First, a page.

DNA microarray has been used to find the gene expression patterns in renal cell carcinoma. The regulation network has been used to investigate the pathogenesis in the breast cancer and pancreatic cancer, [6],[7] based on the microarray data. Thus, this study applied the regulation network analysis to find the potential regulationships and investigate the mechanism respond to RCC.


 > Materials and Methods Top


A RCC gene expression profile GSE6344, [8] with 10 RCC samples and 10 controls, was obtained from NCBI (http://www.ncbi.nlm.nih.gov/geo/). The tissue samples for the microarray study consisted of 10 patient-matched normal renal cortex and ccRCC tissues, five from stage I and five from stage II ccRCC. Both early-stage I and II tumors were localized disease; stage I tumors were less than 7 cm and stage II tumors were greater than 7 cm. The differentially expressed genes (DEGs) were identified by the limma software package of Bioconductor with default settings. Those DEGs with fold change larger than 2 were used for the further analysis.

Pathway data and regulation data

Kyoto Encyclopedia of Genes and Genomes (KEGG) is a collection of online databases dealing with genomes, enzymatic pathways, and biological chemicals. [9] The pathway database records networks of molecular interactions in the cells, variants of which are specific to particular organisms (http://www.genome.jp/kegg/). Total 130 human pathways, involving 2287 genes, were collected for our study.

TRANSFAC database contains data on transcription factors (TFs), including their experimentally-proven binding sites, and regulated genes. [10] 774 pairs of regulatory relationship between 219 TFs and 265 target genes were collected from TRANSFAC (http://www.gene-regulation.com/pub/databases.html).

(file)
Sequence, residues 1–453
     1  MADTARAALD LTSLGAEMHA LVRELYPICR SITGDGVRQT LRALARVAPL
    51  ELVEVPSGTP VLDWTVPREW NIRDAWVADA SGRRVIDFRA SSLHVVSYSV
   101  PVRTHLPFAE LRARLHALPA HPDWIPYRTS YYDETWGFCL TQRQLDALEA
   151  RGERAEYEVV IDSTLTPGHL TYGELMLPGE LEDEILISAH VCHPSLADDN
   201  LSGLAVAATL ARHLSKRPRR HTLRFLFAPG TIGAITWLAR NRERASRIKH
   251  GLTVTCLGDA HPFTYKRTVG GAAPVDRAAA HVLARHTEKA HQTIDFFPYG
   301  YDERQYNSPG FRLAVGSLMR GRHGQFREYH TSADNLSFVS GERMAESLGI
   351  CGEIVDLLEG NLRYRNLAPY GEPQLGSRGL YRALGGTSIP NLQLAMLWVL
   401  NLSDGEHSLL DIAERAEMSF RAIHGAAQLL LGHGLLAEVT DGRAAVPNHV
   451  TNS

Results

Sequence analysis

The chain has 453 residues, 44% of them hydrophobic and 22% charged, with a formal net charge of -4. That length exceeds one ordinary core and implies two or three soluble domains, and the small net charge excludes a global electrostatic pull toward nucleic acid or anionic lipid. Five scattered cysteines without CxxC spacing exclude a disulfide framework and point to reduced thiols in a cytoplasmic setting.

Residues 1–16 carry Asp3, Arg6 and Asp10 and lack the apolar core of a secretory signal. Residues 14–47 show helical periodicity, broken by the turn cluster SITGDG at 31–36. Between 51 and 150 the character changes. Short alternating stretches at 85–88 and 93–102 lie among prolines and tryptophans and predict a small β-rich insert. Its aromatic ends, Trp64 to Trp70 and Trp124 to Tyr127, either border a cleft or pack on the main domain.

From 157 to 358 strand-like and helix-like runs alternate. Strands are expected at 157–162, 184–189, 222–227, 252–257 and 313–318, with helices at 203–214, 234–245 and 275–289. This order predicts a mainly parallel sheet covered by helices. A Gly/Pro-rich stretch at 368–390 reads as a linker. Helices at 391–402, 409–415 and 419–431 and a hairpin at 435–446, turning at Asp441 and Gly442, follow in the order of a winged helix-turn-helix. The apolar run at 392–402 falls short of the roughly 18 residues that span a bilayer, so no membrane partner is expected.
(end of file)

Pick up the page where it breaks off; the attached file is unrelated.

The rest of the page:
Transcriptional Regulatory Element Database (TRED) has been built in response to increasing needs of an integrated repository for both cis- and trans- regulatory elements in mammals. [11] TRED made the curation for transcriptional regulation information, including transcription factor binding motifs and experimental evidence. The curation is currently focusing on target genes of 36 cancer-related TF families. 5722 pairs of regulatory relationship between 102 TFs and 2920 target genes were collected from TRED (http://rulai.cshl.edu/TRED/).

By combining the two regulation datasets, a total of 6328 regulatory relationships between 276 TFs and 3002 target genes were kept for constructed regulation network.

Co-expression analysis

For the gene expression profile data, the limma method was used to identify DEGs. [12] The original expression datasets from all conditions were processed into expression estimates using the RMA method with the default settings implemented in Bioconductor, and then construct the linear model. The DEGs with the absolute fold change value > 2 and P-value < 0.05 were selected. For demonstrating the potential regulatory relationships, the Pearson correlation coefficient (PCC) was calculated for all pair-wise comparisons of gene-expression values between TFs and DEGs. The regulationship with PCC > 0.6 was considered as significant.

Gene ontology enrichment

BiNGO is an open-source Java tool to determine which gene ontology (GO) terms are significantly overrepresented in a set of genes. [13] The hypergeometric test was applied to identify over-represented GO categories in biological process with P-value < 0.01.